According to the oldest symbolism, the circle enclosing a dot represented the primal womb containing the spark of creation, like the bindu within the Yoni Yantra of Hindu tradition. (Barbara G. Walker, The Woman's Dictionary of Symbols and Sacred Objects, 1986, P. 15). The central dot is the sun with the planets circling around it as the circumference. Plotinus (204-270 A.D.) alludes to this symbol in describing the Real Sun in The Enneads I.7.1: "Existing beyond and above Being, It must be beyond and above Act, Mind, or Intellection. That only can be named the Good to which all is bound and Itself to none. It must be unmoved while all circles around It, as a circumference around a centre from which all the radii proceed. Another example would be the sun, central to the light which streams from it and is yet linked to it; try as you will to separate the sun from its light, for ever the light is connected with the sun." This sigil for the sun may also represent the eye. Emerson opens his essay on "Circles" (1841) with: "The eye is the first circle; the horizon which it forms is the second; and throughout nature this primary figure is repeated without end. It is the highest emblem in the cipher of the world. St. Augustine described the nature of God as a circle whose centre was everywhere and its circumference nowhere." And Emerson says in "The Over-Soul" (1841): "The soul circumscribes all things." Emily Dickinson understood this well when writing to Thomas W. Higginson (Letter #268, July 2, 1862): "Perhaps you smile at me. I could not stop for that— My Business is Circumference." Herman Melville's Moby-Dick (1851), Ch. 26: "The great God absolute! The centre and circumference of all democracy! His omnipresence, our divine equality!"

light & shadow—
Emblema XLV:
The Sun & its shadow complete the work.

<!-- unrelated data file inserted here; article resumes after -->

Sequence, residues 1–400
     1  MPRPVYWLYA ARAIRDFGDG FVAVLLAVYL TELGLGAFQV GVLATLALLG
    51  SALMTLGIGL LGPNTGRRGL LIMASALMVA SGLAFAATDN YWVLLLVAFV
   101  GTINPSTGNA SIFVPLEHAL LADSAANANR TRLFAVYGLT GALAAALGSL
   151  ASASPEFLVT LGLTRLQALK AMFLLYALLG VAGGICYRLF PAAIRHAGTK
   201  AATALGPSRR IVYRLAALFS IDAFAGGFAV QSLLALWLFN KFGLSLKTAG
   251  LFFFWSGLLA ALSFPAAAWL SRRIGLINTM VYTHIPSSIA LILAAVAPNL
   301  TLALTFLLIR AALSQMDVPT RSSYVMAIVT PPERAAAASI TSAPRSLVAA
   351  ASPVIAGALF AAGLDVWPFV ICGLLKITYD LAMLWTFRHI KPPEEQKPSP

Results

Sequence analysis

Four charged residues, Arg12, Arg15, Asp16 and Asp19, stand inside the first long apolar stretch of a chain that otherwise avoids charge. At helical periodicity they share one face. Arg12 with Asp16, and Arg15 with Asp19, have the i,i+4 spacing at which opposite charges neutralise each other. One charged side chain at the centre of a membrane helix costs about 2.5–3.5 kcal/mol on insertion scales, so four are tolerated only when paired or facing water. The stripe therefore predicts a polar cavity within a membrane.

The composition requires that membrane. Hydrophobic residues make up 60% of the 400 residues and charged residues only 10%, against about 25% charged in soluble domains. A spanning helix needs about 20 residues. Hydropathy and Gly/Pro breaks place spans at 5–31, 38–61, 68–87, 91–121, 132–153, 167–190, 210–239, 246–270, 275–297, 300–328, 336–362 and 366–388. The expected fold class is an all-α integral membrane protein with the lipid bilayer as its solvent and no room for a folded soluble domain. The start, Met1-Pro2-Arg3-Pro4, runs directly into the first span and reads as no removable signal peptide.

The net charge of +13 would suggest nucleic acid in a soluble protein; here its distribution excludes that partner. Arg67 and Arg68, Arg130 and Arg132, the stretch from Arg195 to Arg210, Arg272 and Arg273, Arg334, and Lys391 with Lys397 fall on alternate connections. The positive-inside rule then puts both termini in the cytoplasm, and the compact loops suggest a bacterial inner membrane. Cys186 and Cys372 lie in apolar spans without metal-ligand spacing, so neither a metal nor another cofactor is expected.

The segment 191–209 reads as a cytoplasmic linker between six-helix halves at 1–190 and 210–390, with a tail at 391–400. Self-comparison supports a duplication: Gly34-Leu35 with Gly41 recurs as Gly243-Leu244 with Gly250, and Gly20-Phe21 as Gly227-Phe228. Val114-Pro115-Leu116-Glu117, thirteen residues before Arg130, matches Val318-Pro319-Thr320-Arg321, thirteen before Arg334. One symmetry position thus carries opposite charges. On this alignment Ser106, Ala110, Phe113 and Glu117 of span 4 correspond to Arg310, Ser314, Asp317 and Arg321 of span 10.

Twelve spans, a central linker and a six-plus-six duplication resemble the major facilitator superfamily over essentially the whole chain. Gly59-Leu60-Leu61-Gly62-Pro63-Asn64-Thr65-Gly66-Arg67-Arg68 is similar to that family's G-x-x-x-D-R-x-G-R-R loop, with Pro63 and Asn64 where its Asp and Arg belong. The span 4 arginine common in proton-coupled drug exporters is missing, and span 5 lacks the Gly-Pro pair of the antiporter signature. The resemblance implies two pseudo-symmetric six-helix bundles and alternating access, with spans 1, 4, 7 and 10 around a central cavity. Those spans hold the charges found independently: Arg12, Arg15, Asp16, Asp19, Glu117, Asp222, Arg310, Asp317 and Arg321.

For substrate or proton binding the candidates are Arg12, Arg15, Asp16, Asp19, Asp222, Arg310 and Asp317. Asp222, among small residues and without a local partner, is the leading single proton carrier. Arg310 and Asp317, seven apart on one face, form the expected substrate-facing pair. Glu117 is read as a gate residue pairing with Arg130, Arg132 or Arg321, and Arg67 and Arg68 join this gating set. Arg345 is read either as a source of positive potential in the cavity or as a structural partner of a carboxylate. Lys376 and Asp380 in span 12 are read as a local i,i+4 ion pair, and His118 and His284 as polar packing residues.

Epigramma XLV:
The Sun, the bright torch of Heaven does not penetrate dense bodies,
That is why there remains shadow on the parts turned away from it;
Although the shadow is the most insignificant of all things,
It has been of much use to the Astronomers:
But Sol & its shadow gives more gifts to the Philosophers
Because it means the completion of the art of making gold.

Michael Maier (1568-1622):
    Atalanta Fugiens (1617)
    Emblema XLV: The Sun & Its Shadow
    Illustration from Gardening: Maitreya 3,
    Shambala, Berkeley, 1972, p. 97

The sun and its shadow: In the midst of the symbolism of Sol, we learn that not only is it associated to the Deity and the creative source of fire and life, but it also has many parallels with hell and the devil. We learn that there is a Sol niger, a black sun; there are not only bright sun rays but also dark sun rays. Thus one of the alchemical texts says that you must extract the sun ray from its shadow... Jung ends his section on Sol, saying that Sol is the principle of consciousness. Since the ego is the center of consciousness, that makes Sol the ego... So the sun as the symbol of consciousness represents both the ego and the Self. The reason for that double representation is that the Self cannot come into conscious, effective existence except through the agency of an ego. Needless to say it can come into plenty of effective existence without an ego but it can't come into consciously effective existence without the agency of an ego. That's why it is unavoidable that the symbolism of Sol, as the principle of consciousness, represents both the ego and the Self.
— Edward F. Edinger, The Mysterium Lectures, Inner City Books, Toronto, 1995, pp. 87, 93-94
Gnostics on the Shadow: "They are all mistaken, because they are not acquainted with the origin of chaos, nor with its root... How well it suits all men, on the subject of chaos, to say that it is a kind of darkness! But in fact it comes from a shadow, which has been called by the name darkness. And the shadow comes from a product that has existed since the beginning. It is, moreover, clear that it existed before chaos came into being, and that the latter is posterior to the first product... after the natural structure of the immortal beings had completed developed out of the infinite, a likeness then emanated from Pistis (Faith), it is called Sophia (Wisdom). It exercised volition and became a product resembling the primeval light."